Last Thursday, Country Mouse and I had the great pleasure of attending a propagation talk and cuttings exchange. The event was organized by the Gardening with Natives group of the Santa Clara Valley chapter of the California Native Plant Society.
Speaker was Pete of East Bay Wilds, an experienced propagator who owns a landscape design/install business and a small nursery. People could barely squeeze in. I was exciting and encouraging to see so much interest in gardening with natives.
We first went around the room to talk about what we had brought (about half the people had brought seeds or cuttings), and then the actual presentation began. Pete talked about propagation from cuttings, Iris division, and sowing annual seeds. And below are the tools of the trade he brought.
Propagation from cuttings. For cuttings from natives, Pete uses a mix he makes himself:
- 1/2 fine horticultural sand
- 1/4 (or a little more) potting soil
- Pumice and Lava rock
- Sterilize the pots in a solution of 1:24 water:bleach
- Dips pruners in alkohol.
- Take a cutting, ideally right at the edge of green/brown for Arctostaphylos.
- Remove most leaves. If the top of the branch is floppy (he showed us a Toyon leave that did that), cut it off. For a branch with very large leaves, cut the leaves in half. You want for the energy to go into rooting, not into the leaves, but you must leave a few leaves.
- Put the cutting in a nutrient solution for a minute or two. Pete likes Earth Juice.
- Dip the cutting in rooting hormone. Pete use Rhizopon AA#3. Wear gloves when working with the hormone. It's not toxic to the environement, but humans don't need it in their bodies.
- Put the cutting into the pot with the soil mix, 1-2 inches deep.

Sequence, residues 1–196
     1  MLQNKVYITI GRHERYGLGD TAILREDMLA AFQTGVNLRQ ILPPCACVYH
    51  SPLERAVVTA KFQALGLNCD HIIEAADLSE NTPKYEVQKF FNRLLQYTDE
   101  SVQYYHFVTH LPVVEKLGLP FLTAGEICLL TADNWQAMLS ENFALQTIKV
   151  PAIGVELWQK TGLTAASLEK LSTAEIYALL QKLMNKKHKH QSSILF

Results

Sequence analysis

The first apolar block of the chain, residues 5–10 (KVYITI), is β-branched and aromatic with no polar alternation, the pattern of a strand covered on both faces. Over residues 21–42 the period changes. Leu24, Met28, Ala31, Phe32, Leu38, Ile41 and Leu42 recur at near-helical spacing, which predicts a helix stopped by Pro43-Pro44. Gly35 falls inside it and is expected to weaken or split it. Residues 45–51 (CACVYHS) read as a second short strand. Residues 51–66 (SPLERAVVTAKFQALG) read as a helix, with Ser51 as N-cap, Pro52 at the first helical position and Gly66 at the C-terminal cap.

- When planting, top-dress with decomposed granite.
Native Iris. A flurry of questions brought us to the topic of Iris division. Here's what Pete says:
- Divide native iris in November (not in spring)
- Take out the whole plant and divide, then replant. Make sure you expose the roots and rhizomes to some light.
- It's fine to add a little compost to the soil for Iris and other plants that live under a lot of duff (redwood habitat plants). Other natives, especially chaparral plants, don't like compost.
- Fertilize with kelp spray on the leaves if you like for an extra healthy plant.
Annuals. The final part of the talk was devoted to annuals. Pete told us he has two kinds of mulch in his own garden, bark and decomposed granite. He's found that Sierra Ginger and Blue Fines works well for growing annuals on, but Gold Fines does not.
He sows the annuals after the rains has started and rakes them in. He has not had a problem with birds eating the seed sown in decomposed granite. People asked him which plants might do well in bark mulch, and we jointly came up with a few:
- Chinese Houses
- Gilia tricolor
- Globe gilia
We were sorry to see the presentation end, but also excited to start the actual exchange (or giveaway). The GWN group generously provides little seed packets, and the eager native gardeners walked around and picked up seeds and cuttings, asking questions of the seed owners and Pete. Below, some seeds that Pete had collected, and a buckeye that Diane brought -- the first from here baby tree.